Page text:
Each year I make predictions for the stem cell and regenerative medicine field for the following year. Today’s prediction post is focused on what to expect in 2024.
You can also see my stem cell predictions for 2023 and my grades on how I did. I also have made a video version of these predictions so please check that out below and subscribe to our channel.
We’ll start with 2024 predictions about what arguably was the most hyped part of our research area in 2023. Anti-aging or longevity. And, no, we’re not all going to be living to 120 in the coming decades. Even so, it’s an interesting area with some notable characters that will make news in 2024.
Anti-aging: longevity arena headlines
1. The press continues to eat up what Bryan Johnson, David Sinclair, and others say and do in their high-profile anti-aging efforts. The 2023 The Screamers Science Hype Award went to coverage of this kind of stuff.
2. There is some controversy or someone gets hurt related to unproven longevity efforts. This could be due to any number of what I see as high-risk longevity approaches. Maybe gene therapy or unproven stem cells? Perhaps, some other unproven biological approach. I wrote recently about how extreme anti-aging efforts could be harmful or even fatal. The longevity space also continues to emphasize over-testing such as too frequent whole body scans and MRIs. In this area, in my view, some players seem to be advocating levels of testing, that while likely very profitable, may not do customers a whole lot of good overall. What about Fountain Life?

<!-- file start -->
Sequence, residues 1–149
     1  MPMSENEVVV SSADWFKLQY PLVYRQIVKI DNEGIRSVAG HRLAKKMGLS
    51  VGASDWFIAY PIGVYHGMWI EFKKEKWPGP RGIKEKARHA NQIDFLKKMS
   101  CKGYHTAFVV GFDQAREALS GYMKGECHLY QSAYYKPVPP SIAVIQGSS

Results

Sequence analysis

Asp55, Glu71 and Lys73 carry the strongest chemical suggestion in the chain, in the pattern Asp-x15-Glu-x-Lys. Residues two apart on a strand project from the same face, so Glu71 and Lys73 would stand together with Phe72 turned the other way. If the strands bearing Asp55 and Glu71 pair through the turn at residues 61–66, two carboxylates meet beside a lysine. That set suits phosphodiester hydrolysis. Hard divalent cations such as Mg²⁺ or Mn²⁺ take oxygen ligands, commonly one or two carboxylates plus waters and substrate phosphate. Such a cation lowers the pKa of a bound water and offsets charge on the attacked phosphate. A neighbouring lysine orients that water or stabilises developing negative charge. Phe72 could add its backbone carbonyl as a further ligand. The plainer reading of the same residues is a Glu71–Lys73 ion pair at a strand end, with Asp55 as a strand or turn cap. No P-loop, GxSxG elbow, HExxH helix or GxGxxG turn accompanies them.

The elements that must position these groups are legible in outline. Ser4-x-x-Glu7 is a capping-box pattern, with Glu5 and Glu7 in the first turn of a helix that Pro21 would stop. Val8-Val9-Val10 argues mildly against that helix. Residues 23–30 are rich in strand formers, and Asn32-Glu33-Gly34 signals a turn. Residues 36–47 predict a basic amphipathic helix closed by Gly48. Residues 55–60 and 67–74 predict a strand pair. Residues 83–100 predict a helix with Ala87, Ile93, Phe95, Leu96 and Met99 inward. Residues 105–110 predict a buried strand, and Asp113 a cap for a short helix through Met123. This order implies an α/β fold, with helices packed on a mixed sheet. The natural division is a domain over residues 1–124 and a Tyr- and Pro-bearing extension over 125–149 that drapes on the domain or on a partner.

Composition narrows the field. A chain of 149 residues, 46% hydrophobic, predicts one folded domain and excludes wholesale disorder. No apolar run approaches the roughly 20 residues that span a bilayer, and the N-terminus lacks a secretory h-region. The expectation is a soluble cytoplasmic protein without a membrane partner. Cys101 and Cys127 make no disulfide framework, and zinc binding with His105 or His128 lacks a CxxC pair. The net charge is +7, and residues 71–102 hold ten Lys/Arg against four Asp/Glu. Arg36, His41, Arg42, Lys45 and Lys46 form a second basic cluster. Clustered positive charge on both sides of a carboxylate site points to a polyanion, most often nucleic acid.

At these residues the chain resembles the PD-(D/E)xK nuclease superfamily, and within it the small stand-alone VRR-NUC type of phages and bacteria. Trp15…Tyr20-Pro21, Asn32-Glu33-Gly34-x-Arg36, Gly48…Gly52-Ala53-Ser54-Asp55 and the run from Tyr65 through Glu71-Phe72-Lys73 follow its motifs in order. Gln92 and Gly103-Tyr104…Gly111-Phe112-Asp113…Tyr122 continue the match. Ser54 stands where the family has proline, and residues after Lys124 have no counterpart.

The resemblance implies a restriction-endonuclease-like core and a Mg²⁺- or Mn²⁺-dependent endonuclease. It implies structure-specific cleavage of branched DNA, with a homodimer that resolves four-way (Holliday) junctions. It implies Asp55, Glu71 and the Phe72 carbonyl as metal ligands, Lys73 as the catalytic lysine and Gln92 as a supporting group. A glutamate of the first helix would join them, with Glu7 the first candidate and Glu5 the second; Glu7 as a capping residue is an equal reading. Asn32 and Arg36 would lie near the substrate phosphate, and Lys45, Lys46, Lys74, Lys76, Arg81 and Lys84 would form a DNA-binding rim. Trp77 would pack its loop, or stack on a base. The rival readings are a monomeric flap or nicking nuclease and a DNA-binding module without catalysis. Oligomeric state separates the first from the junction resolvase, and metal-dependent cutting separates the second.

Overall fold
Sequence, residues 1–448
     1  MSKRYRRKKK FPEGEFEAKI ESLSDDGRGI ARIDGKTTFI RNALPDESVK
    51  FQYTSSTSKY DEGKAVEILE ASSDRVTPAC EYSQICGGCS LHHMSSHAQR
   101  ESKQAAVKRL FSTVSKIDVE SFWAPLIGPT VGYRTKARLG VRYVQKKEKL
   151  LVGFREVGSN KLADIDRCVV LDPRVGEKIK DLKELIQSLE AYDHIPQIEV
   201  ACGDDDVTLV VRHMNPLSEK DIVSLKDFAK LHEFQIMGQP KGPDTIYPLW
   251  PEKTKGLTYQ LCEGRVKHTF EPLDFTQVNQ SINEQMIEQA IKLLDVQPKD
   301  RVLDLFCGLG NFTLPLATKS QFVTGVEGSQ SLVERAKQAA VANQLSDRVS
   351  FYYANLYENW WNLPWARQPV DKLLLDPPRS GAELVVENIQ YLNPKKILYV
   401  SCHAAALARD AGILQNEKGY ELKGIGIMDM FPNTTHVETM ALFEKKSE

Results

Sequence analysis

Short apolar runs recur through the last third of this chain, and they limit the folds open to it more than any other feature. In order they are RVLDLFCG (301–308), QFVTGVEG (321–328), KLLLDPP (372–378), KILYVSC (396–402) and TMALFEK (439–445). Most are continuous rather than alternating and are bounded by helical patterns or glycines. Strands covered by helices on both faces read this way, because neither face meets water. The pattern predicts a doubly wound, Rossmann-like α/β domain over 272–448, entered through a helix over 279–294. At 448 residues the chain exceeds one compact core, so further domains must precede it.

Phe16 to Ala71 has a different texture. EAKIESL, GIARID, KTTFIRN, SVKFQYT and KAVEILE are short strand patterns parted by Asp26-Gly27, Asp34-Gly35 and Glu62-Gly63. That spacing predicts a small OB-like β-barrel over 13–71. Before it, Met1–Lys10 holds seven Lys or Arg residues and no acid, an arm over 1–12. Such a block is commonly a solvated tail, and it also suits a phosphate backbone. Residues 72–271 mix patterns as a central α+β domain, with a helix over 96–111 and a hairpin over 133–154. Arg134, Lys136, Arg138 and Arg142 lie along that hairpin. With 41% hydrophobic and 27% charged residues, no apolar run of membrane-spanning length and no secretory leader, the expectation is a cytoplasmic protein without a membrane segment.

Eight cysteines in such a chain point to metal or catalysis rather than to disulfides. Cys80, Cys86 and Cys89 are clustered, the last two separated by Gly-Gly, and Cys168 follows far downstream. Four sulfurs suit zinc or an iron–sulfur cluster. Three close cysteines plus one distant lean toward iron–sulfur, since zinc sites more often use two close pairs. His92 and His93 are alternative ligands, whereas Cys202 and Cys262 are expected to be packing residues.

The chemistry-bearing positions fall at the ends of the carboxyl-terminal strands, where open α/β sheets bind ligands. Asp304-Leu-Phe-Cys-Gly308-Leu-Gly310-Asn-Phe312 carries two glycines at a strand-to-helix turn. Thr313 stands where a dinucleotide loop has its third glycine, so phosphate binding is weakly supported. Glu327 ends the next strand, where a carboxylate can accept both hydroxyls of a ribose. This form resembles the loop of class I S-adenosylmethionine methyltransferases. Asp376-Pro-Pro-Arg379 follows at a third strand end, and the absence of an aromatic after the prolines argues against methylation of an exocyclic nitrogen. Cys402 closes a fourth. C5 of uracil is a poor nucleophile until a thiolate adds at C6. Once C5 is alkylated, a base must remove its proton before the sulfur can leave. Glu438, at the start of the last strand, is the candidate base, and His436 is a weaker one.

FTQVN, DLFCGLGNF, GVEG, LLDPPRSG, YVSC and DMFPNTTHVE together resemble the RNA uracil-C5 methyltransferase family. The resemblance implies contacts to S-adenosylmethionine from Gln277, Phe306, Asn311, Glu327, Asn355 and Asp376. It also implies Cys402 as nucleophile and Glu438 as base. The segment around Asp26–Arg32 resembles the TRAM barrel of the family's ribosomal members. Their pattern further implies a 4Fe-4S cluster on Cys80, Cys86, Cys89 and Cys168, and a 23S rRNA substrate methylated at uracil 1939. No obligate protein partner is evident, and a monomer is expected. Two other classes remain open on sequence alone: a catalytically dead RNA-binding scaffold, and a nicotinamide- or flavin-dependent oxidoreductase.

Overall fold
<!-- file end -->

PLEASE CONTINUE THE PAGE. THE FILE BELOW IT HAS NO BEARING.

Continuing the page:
3. Altos Labs. More news, probably largely upbeat, from the relatively new and unconventional biotech Altos Labs. They are pursuing cellular rejuvenation to improve health and perhaps extend life using rigorous approaches. I did a quick analysis of recent research papers from Altos Labs and found a heavy emphasis on human aging and DNA methylation.
Gene editing & gene therapy ups & downs
4. More encouraging news on gene editing and gene therapy clinical trials in 2024. These upbeat developments build on the approval of Casgevy in the UK along with both Casgevy and Lyfgenia in the US by the FDA for sickle cell disease.